#4 - The tokenization of real-world assets. Now I'm talking about creating a digital twin of any real-world item. Why is this valuable? Because it allows you to transform nearly everything you own into provably, authentic digital certificates. Digital certificates that can't be duplicated or forged. Blockchain is the way we begin to separate ownership from physical possession for lots of things. Tokenization will have a major impact on the way we shop, use, and trade things in the future. Now this particular use case is near and dear to me and that's because six years ago, I used a blockchain to tokenize the US dollar. My partners and I created a way to send US dollars through the blockchain and it turned out to be a fantastic use case that harnessed the special properties of blockchain technology. And that tokenized dollar we created, what we named Tether, today trades over 4 trillion dollars annually.

#5 - Consumer entertainment, and it should start with video games. The global video game industry makes $150 billion per year and most of that revenue comes from selling virtual items, avatars, and skins to decorate your characters. Selling virtual assets is a great business model for video game companies, but it's not so great for players. People spend hundreds, even thousands of dollars to collect their favorite virtual items, yet they never own them. Game companies rarely allow players to trade or resell all this digital property, property the players paid for! Now, if these virtual items were created on a blockchain, it would make it possible for hundreds of millions of video game players to directly own and trade them. I also believe it would unleash a massive increase in the willingness of players to buy more virtual items.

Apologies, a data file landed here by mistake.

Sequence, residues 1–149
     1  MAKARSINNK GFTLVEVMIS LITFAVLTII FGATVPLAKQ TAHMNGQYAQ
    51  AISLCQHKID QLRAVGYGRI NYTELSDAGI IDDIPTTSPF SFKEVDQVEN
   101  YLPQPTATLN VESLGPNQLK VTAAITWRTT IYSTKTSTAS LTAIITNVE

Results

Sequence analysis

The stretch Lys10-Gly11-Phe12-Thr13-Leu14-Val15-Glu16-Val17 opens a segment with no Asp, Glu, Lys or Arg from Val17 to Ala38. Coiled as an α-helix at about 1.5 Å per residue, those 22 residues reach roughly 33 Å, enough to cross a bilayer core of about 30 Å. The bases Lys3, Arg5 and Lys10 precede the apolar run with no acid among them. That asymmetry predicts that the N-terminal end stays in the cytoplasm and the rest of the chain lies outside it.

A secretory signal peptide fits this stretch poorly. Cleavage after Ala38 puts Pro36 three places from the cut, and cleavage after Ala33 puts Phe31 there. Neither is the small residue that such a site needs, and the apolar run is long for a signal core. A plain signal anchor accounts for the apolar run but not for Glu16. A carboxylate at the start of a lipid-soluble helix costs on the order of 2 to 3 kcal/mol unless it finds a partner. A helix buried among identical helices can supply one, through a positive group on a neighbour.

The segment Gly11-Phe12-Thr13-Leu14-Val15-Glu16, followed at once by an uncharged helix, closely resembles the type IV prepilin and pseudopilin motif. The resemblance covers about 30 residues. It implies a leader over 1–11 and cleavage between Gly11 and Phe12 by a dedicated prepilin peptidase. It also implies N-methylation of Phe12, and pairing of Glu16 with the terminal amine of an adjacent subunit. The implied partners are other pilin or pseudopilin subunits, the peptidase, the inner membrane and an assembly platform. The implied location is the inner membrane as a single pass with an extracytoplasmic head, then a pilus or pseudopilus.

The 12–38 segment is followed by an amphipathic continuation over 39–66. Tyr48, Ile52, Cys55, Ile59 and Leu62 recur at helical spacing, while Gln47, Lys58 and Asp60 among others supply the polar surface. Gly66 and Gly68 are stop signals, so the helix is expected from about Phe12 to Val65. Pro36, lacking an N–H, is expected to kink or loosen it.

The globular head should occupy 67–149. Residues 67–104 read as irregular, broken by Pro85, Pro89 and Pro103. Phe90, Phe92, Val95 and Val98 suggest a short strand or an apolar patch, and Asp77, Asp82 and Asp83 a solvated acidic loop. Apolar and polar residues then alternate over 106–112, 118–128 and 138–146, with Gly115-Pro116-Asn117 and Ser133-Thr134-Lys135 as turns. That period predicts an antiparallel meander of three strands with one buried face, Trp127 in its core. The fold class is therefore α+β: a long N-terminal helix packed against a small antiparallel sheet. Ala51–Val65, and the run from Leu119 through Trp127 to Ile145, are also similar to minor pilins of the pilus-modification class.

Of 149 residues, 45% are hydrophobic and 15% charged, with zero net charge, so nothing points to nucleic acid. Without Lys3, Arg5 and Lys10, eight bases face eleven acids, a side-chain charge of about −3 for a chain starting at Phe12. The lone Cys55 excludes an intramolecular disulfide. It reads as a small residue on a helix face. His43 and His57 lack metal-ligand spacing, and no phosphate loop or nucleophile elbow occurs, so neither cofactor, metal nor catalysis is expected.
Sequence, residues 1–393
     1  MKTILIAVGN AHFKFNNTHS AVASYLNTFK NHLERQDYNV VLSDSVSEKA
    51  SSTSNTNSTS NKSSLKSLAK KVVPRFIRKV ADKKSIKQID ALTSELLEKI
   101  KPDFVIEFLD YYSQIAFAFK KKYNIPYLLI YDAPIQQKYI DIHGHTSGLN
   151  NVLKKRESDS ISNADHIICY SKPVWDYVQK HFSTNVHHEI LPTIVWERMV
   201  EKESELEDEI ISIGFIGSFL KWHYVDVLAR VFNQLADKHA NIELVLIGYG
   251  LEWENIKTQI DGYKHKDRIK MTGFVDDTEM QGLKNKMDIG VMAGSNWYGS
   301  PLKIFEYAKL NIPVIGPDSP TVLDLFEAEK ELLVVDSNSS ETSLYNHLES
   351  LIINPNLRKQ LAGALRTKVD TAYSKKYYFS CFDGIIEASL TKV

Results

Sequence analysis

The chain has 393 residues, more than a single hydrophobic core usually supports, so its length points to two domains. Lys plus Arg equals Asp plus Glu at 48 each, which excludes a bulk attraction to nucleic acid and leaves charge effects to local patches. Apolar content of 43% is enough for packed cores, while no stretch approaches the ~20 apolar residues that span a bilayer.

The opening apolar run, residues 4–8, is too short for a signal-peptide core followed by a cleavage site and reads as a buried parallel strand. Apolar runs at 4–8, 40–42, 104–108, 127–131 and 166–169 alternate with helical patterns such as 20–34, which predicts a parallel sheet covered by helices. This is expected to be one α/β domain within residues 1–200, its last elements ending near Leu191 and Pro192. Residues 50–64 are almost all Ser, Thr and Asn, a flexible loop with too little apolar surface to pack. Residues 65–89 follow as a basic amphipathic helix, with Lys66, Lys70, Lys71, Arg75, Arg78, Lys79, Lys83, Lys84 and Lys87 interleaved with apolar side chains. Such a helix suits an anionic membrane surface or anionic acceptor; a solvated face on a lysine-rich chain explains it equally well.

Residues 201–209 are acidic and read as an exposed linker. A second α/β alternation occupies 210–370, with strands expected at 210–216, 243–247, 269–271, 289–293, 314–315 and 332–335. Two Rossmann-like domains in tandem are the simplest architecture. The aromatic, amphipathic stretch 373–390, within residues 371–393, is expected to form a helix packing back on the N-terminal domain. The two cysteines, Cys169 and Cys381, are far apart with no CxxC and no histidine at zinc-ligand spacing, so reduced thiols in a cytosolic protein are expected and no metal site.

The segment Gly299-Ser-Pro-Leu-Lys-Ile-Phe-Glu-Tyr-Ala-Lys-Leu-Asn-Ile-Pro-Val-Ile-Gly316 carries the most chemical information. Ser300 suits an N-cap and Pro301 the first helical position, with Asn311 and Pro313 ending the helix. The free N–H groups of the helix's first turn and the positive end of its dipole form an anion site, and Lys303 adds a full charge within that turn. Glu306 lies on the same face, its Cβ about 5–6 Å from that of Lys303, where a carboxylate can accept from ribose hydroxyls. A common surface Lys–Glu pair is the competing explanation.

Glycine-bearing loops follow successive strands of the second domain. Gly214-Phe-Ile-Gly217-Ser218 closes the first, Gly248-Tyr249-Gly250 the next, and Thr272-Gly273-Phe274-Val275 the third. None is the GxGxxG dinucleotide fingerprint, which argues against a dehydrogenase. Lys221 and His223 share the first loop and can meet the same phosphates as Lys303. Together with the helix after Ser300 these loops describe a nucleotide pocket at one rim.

Why?

Because by allowing the digital items to be resold, it makes players much more comfortable buying them in the first place. Just like the fact that you can resell your car puts you more at ease buying it because you can extract some value from the car when it's time to trade up to a new one. And remember we're talking about 150 billion dollar industry, just waiting to be transformed by the blockchain.

These five use cases for blockchain technology are clear and the benefits far outweigh the blockchain's drawbacks. Are there any other use cases that pass the test? I am sure there will be in the future, but for now, that's it.